Anyway, as a family we cheered for one team and one team only: The Falcons. And as a six-year-old, it did not take me long to figure out what this meant. It meant I needed to learn the game. So that is what I did. “Dad, what’s a fumble?” “Dad, why did the ref throw that flag?” “Dad, why are we not kicking an extra point?” “Dad?” “Dad?” “Dad?” It was one way we bonded.

He never told me to be quiet. He never hushed me. He listened and answered. Question after question after question. Until my mom said, “Marlee, I’m trying to hear the commentators.” And now I get it, the commentators have some valuable things to say.

As I got older, I had the game of football mostly under my belt, and throughout middle and high school, my dad and I would bet on the Falcons’ game. I vowed to NEVER and I mean never bet against the Falcons, so my dad always did. Over the years, each of us racked up quite a tab.

All of this to be said, my love for the Falcons runs deep and wide, and it just won’t ever be otherwise.

I will come back to Athens as an alumna to watch games, I will likely have a Georgia room in my house for mine and mostly Kody’s sake, and I will sport my Georgia gear on and off season. But when Sundays come around, you can catch me yelling Rise Up, and you should not be surprised if I am just a tad more enthusiastic.

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9 thoughts on “Why I love the NFL more than I do college football

  1. That s my girl great article your dad did love ❤️ his Falcons glad we all enjoy this sport and we enjoy the same team GoDawgs on Saturday and Rise Up on Sundays I love you Marlee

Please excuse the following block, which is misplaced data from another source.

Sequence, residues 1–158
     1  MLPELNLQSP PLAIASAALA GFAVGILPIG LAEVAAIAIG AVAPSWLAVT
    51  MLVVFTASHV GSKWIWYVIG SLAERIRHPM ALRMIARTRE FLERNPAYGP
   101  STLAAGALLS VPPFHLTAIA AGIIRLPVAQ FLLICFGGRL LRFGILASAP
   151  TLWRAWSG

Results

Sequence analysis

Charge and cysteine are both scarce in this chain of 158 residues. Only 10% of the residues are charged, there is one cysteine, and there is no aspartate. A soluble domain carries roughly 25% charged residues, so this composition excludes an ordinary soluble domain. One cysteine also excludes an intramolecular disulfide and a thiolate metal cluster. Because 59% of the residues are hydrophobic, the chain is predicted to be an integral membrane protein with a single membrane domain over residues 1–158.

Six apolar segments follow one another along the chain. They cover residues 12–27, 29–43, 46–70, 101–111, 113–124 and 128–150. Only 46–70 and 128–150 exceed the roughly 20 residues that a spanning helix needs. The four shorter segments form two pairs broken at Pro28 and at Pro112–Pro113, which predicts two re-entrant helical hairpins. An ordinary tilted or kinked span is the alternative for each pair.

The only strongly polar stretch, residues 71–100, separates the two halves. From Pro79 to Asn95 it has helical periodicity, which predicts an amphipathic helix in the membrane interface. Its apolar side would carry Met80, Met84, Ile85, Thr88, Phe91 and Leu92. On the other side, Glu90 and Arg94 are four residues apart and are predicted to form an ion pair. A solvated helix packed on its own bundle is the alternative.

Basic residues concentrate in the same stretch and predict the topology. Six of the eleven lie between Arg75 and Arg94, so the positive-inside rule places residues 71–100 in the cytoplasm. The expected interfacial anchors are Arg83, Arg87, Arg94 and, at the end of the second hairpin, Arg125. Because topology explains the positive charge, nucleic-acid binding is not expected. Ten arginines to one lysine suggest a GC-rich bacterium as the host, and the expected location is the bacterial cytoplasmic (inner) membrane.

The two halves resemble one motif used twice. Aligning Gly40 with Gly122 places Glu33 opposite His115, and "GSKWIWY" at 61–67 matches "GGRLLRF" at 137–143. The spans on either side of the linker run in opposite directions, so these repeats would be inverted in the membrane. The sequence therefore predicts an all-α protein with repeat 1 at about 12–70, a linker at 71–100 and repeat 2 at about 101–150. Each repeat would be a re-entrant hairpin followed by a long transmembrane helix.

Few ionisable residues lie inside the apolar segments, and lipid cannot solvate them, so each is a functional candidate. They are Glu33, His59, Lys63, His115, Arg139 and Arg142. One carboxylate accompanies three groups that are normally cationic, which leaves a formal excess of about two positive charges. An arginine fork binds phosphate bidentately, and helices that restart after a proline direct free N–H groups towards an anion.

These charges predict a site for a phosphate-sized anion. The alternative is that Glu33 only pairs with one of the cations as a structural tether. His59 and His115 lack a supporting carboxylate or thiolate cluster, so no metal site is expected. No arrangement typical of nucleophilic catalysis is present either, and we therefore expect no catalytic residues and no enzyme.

Liked by 1 person

  2. I love your article!! I grew up loving the game of football because of my dad’s love for it. When he was a professor at Purdue University he took me to the games and began teaching me the rules of the game. Then we moved to Georgia in 1970, instantly becoming DAWG fans. He continued taking me to all the games. I cherish the times I enjoyed sitting in the President’s box with him…still teaching me the game.
    Where you and I differ is our love for our NFL teams. My dad grew up a STEELERS’ fan…so my blood runs black and gold!! And, I just happened to marry a guy who loves the Steelers as much, maybe more, than I do!! As a 1981 graduate of UGA and a diehard football fan, It’s all about the DAWGS on Saturdays and the STEELERS on Sundays!!
    So very proud of you, Marlee!! You are going to be an AMAZING journalist!! GO DAWGS!!

    Liked by 1 person

    1. This comment just makes me smile. 🙂 I think it is so great that we both love football, but it just makes it more special that our love stems from our dads! I love reading about your history of falling in love with the game. We definitely differ on our our love for our NFL teams, but at the end of the day, I can appreciate that Saturdays are for the Dawgs and Sundays are for the Falcons and/or the Steelers! Thank you so much for taking the time to read and comment. Your kind words mean so much to me.

      Like